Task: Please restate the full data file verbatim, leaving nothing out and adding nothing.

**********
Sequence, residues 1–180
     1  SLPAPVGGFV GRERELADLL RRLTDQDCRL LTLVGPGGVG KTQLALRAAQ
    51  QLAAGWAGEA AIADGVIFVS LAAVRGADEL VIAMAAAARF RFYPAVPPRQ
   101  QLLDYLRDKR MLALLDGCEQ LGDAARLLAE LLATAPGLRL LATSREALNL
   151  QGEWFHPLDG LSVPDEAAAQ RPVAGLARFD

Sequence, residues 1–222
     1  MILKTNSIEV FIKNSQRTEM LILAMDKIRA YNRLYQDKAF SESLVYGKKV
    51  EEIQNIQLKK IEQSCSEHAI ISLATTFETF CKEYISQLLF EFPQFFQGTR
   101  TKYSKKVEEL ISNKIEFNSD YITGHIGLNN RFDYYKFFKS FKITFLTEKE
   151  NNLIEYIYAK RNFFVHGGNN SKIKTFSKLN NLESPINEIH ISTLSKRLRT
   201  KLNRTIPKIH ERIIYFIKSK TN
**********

Sequence, residues 1–180
     1  SLPAPVGGFV GRERELADLL RRLTDQDCRL LTLVGPGGVG KTQLALRAAQ
    51  QLAAGWAGEA AIADGVIFVS LAAVRGADEL VIAMAAAARF RFYPAVPPRQ
   101  QLLDYLRDKR MLALLDGCEQ LGDAARLLAE LLATAPGLRL LATSREALNL
   151  QGEWFHPLDG LSVPDEAAAQ RPVAGLARFD

Sequence, residues 1–222
     1  MILKTNSIEV FIKNSQRTEM LILAMDKIRA YNRLYQDKAF SESLVYGKKV
    51  EEIQNIQLKK IEQSCSEHAI ISLATTFETF CKEYISQLLF EFPQFFQGTR
   101  TKYSKKVEEL ISNKIEFNSD YITGHIGLNN RFDYYKFFKS FKITFLTEKE
   151  NNLIEYIYAK RNFFVHGGNN SKIKTFSKLN NLESPINEIH ISTLSKRLRT
   201  KLNRTIPKIH ERIIYFIKSK TN